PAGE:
While the equities market is the “sexy” side of investing, where the focus should have been was the 10-year yields, which rocketed up to 2.16, a 4.14% increase against prior. The US dollar index also closed up higher, albeit slightly, gaining 0.21% against the prior day’s massive sell-off. Gold, however, closed down -2.35%, eroding earlier efforts to build a support base for further price gains. Technically, gold has become so ugly that it is on a whisker’s edge of entering a prolonged bear market cycle. If there is inflation, the institutional money have pulled the greatest magic trick on Earth.

Compounding matters even more, currency crises are often resolved by the institutionalists moving to other currencies: only the individual investor moves to gold, if they choose to move at all. The rise in valuation of the Japanese Yen against the dollar gives you all the confirmation you need. Even a “sure-bet” like short USD/YEN can have a “hiccup,” throwing many traders off the saddle.

By watching the latest events unfold, it’s becoming clear that the financial sector will resolve fiat problems with fiat solutions, with hard assets playing an ever-decreasing role. And with higher yields and a generally downtrending Yen, the greenback is technically and fundamentally poised to become stronger. The question is, will the dollar rise with the economy or will there be a divergence between paper valuations and physical reality?

This quandary will be the base for near-term instability of the U.S. equities sector, as investors speculate the latest happenings around the world. On the technical side, a stronger dollar is a competitive disadvantage towards exports as foreign partners will have to pay larger net costs to utilize American goods. Fundamentally, a higher yielding dollar will attract safe-haven money, further spiking the dollar due to carry-trade dynamics. This should, and has, positively impacted Japan’s economy, incentivizing American institutionalists to invest in Japanese equities.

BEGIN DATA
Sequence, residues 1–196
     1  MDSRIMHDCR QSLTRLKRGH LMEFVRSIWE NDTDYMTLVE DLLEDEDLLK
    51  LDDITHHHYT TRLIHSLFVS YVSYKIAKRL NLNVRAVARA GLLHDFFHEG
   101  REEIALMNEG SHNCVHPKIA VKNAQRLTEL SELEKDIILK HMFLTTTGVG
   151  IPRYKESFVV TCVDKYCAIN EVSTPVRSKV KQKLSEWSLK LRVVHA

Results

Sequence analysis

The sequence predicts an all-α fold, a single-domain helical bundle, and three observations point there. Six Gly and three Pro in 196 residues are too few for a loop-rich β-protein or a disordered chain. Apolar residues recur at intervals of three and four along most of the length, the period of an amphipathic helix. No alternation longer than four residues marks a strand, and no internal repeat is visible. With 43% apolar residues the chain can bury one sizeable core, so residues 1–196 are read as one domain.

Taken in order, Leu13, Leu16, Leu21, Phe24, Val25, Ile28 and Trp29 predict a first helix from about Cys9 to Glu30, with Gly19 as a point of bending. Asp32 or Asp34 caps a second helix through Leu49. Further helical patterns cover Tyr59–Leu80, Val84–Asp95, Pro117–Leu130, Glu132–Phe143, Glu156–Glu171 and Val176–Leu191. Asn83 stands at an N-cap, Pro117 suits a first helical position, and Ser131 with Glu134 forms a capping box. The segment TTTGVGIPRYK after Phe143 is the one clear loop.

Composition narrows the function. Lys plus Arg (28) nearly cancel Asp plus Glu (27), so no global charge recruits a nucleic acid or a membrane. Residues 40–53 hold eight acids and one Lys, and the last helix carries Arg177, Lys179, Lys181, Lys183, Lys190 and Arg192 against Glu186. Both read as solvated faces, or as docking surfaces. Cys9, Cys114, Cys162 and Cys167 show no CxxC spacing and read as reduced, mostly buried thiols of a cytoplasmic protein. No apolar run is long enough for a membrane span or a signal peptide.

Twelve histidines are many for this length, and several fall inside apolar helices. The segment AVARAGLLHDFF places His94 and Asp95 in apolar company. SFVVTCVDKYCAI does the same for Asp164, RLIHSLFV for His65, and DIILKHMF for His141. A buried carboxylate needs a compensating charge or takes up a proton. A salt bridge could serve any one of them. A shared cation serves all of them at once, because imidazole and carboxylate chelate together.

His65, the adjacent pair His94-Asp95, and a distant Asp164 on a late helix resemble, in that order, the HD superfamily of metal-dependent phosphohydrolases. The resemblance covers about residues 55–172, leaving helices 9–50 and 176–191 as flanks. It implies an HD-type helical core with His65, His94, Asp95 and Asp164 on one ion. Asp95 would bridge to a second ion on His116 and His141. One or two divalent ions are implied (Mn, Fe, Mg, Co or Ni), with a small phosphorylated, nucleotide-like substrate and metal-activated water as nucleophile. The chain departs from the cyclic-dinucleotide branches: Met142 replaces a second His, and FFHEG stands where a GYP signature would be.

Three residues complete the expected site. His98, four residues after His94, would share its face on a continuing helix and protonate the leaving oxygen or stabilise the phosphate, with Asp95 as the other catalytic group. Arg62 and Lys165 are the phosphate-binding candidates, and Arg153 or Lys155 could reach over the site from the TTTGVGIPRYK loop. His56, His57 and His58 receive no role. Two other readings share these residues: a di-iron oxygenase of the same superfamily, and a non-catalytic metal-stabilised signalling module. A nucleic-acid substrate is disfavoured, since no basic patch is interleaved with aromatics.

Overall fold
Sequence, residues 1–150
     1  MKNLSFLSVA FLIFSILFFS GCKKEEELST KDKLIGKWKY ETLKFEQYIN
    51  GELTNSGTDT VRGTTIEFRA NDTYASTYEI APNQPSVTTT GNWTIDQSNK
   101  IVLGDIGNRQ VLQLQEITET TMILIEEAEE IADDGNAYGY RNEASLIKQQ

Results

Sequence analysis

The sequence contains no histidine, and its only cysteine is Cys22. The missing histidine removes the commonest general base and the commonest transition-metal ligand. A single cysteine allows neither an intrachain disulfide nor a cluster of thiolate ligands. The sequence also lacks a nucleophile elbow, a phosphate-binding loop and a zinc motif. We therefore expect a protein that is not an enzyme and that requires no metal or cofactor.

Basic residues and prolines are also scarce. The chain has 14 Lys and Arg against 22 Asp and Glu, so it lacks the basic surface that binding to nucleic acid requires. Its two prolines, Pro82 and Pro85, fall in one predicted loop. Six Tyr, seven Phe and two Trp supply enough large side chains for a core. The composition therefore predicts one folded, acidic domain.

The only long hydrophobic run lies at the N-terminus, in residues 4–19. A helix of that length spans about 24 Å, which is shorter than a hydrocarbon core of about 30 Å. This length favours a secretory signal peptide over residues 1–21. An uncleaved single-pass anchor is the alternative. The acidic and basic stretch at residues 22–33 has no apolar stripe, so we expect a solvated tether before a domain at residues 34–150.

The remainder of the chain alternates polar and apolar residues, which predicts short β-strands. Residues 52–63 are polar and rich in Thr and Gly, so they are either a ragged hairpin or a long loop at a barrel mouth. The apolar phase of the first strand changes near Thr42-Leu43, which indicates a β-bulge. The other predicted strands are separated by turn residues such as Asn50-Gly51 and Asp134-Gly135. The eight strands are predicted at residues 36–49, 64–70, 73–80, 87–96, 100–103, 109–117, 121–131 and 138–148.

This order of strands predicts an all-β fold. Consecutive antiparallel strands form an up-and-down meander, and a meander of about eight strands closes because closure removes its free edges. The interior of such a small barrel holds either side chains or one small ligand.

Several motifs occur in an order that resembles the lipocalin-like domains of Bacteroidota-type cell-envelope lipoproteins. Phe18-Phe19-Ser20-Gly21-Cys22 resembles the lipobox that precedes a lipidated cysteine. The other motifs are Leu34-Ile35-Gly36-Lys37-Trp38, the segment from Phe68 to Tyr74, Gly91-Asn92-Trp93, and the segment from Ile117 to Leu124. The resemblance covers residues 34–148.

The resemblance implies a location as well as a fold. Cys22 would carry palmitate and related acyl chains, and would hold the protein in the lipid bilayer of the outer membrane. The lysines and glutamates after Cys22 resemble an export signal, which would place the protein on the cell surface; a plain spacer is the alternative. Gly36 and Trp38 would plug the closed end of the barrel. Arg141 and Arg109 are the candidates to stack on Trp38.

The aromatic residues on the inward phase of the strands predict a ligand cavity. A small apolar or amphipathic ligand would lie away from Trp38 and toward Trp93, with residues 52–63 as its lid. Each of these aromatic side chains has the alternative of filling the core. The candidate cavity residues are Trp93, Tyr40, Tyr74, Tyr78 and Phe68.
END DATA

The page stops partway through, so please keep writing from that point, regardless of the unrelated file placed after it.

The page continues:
If the U.S. economy cannot improve in terms of real growth, higher dollar valuations would essentially subsidize growth in other countries, an ironic reversal to Japan’s lost decade. This would likely be a “worst case scenario” for America, who would have to pay debt obligations with higher valued currency units, which would lead to more and more investors looking abroad for opportunities. Circulation would cease, thus rendering inflationary policies ineffective at best.

However, there are signs that the economic recovery may be for real: the higher yields is just one of many factors. Improvement in the jobs market, though highly flawed, do show at least a positive trend. The easing of armed conflicts should lessen the burden placed by the military industrial complex. The shale gas revolution and other energy related projects could put more Americans to work and take us significant steps closer towards energy independence. And finally, a stronger dollar allows American consumers more leverage in choosing quality over quantity.

Regardless of your economic worldview, the institutional money have largely negated inflationary scenarios and therefore, it is critical that investors consider deflationary forces, either as a currency play or as a long-term contraction in the economy. In both circumstances, being cash-rich more than anything else would be the best course of action.